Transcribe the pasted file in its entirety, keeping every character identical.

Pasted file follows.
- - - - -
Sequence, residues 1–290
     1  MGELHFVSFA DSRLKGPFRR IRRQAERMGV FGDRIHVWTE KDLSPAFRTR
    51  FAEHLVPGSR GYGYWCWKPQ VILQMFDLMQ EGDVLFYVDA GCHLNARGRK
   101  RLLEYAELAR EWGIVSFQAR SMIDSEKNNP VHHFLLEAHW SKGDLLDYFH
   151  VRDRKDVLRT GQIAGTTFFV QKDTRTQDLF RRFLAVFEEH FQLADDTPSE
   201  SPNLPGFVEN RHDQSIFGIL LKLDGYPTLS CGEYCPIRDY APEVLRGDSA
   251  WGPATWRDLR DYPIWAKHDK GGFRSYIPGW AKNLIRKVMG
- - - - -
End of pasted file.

Sequence, residues 1–290
     1  MGELHFVSFA DSRLKGPFRR IRRQAERMGV FGDRIHVWTE KDLSPAFRTR
    51  FAEHLVPGSR GYGYWCWKPQ VILQMFDLMQ EGDVLFYVDA GCHLNARGRK
   101  RLLEYAELAR EWGIVSFQAR SMIDSEKNNP VHHFLLEAHW SKGDLLDYFH
   151  VRDRKDVLRT GQIAGTTFFV QKDTRTQDLF RRFLAVFEEH FQLADDTPSE
   201  SPNLPGFVEN RHDQSIFGIL LKLDGYPTLS CGEYCPIRDY APEVLRGDSA
   251  WGPATWRDLR DYPIWAKHDK GGFRSYIPGW AKNLIRKVMG